Following the European Union (EU)’s continued ban on some Nigeria’s agricultural produce from entering Europe, the Federal Ministry of Agriculture and Rural Development (FMARD) has been articulating strategies for ensuring a single quality control management system for Nigeria. TAIWO HASSAN writes
You cannot talk about food and health without talking about agriculture. The quality of food begins on the farm. It has to do with the quality of seeds, the quality of soil, the quality of fertilizer and the quality of chemicals.
All of these add up to the output that is delivered for consumption. However, connecting food safety, public health, investment and food trade is a complete value chain on its own, especially when it comes to agricultural development in all its ramifications. And this is what the present administration stands for in its policy and strategy document called the “Green Alternative.”
FMARD’s food sensitisation
Within this context, especially as regards food safety and public health, the Nigeria’s agric ministry embarked on a number of programmes and activities on public awareness for acceptance of agricultural commodities, total inclusion of private sector and financial institutions, especially those with bias for agriculture across the 36 states in the country.
Speaking on lender’s high interest rate in Abuja, Agric Minister, Chief Audu Ogbeh said: “We have problems with financial institutions on good agricultural practices.
We still have trouble finding lenders to farmers. The banking sector still considers agriculture a zone of high danger. So, the small farmer, the big farmer has immense difficulty accessing credit.
And so, the farmer in Nigeria finds it extremely difficult to farm like other farmers do elsewhere. “Interest rates across the globe average 3 per cent.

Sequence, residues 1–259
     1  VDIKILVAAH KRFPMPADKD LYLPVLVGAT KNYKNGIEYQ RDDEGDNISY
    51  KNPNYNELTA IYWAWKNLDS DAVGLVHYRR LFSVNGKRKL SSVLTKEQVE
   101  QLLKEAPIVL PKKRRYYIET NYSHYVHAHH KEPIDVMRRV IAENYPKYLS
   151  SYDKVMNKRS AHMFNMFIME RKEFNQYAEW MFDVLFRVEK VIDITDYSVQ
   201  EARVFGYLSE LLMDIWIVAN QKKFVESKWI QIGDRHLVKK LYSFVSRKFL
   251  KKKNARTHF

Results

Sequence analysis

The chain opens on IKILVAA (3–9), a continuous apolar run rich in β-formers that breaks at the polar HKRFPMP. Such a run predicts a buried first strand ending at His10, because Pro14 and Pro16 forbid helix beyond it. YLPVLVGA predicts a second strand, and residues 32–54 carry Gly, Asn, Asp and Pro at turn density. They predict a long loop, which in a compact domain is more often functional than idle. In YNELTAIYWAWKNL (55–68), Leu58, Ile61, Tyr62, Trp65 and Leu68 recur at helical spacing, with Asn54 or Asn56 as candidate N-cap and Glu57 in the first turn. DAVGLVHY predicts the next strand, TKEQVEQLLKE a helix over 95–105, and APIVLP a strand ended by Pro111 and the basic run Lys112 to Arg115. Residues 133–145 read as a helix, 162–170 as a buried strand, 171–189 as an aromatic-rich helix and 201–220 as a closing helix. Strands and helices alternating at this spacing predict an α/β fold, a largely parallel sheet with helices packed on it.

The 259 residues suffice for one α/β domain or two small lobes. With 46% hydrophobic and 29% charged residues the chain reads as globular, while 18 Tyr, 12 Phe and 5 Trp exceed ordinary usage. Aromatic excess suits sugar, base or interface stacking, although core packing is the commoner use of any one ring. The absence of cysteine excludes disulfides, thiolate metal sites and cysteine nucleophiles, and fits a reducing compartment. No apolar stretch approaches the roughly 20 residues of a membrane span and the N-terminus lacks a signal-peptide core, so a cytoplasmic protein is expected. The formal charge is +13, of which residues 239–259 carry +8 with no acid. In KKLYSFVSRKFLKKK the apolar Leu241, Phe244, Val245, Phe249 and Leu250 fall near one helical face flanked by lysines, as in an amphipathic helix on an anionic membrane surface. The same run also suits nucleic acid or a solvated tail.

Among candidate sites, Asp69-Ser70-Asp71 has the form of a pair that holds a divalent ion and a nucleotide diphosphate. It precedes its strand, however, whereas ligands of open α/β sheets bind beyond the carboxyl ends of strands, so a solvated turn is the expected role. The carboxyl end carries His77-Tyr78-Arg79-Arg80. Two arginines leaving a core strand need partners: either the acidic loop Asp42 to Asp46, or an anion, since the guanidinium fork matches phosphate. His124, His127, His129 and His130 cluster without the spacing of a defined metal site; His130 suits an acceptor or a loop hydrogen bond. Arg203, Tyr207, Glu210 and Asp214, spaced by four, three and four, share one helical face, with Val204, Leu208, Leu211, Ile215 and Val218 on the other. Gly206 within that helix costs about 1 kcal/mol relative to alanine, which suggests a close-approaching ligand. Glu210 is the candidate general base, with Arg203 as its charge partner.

Here, in Nigeria, it still stands at 25 per cent and above. That kind of interest rate may be good for producing ‘cocaine’, but certainly not for okro, rice and beans, yam and cassava. So, we can’t do it right. And, if we can’t do it right, the problem begins from the farm gate.”
Farm zero rejects initiative
One of the major actions that took place in FMARD was the setting up of a standing Inter-Ministerial Technical Committee on the zero reject of agricultural commodities and produce of non-oil exports from Nigeria.
Particularly, the committee was co-chaired by the agric minister and the Minister of Industry, Trade and Investment, Dr. Okey Enelamah in Abuja.
Exactly two months and two weeks ago, stakeholders from across the nation gathered at the Federal Ministry of Agriculture and Rural Development and validated the Nigerian articulated strategy for ensuring a single quality control management system for Nigeria as regards global acceptance and zero reject of Nigeria’s agricultural commodities and produce.
According to Ogbeh, the Inter- Ministerial Technical Committee developed two documents, one of them called the methodology of conduit of excellence, quality and safety rules for Nigeria and standard operating procedure manual for zero reject for non-oil exports from Nigeria.
All of these, the minister said, are with the support of the European Union and UNIDO.
Farm produce certification
Besides, the agric minister explained that Nigeria’s exporters of manufactured agricultural farm produce are finding it difficult to get all the requirements needed in food export and these challenges are causing the country to lose huge foreign exchange because of rejection of farm produce.
He said : “But one problem we’ve had in this country, which the Ghanaians have solved, is that they have managed to acquire certification for their own produce in foreign countries.
We haven’t done so yet. “The process of certification is lengthy and rigorous. One of the major ingredients is what they call traceability: where is this product coming from?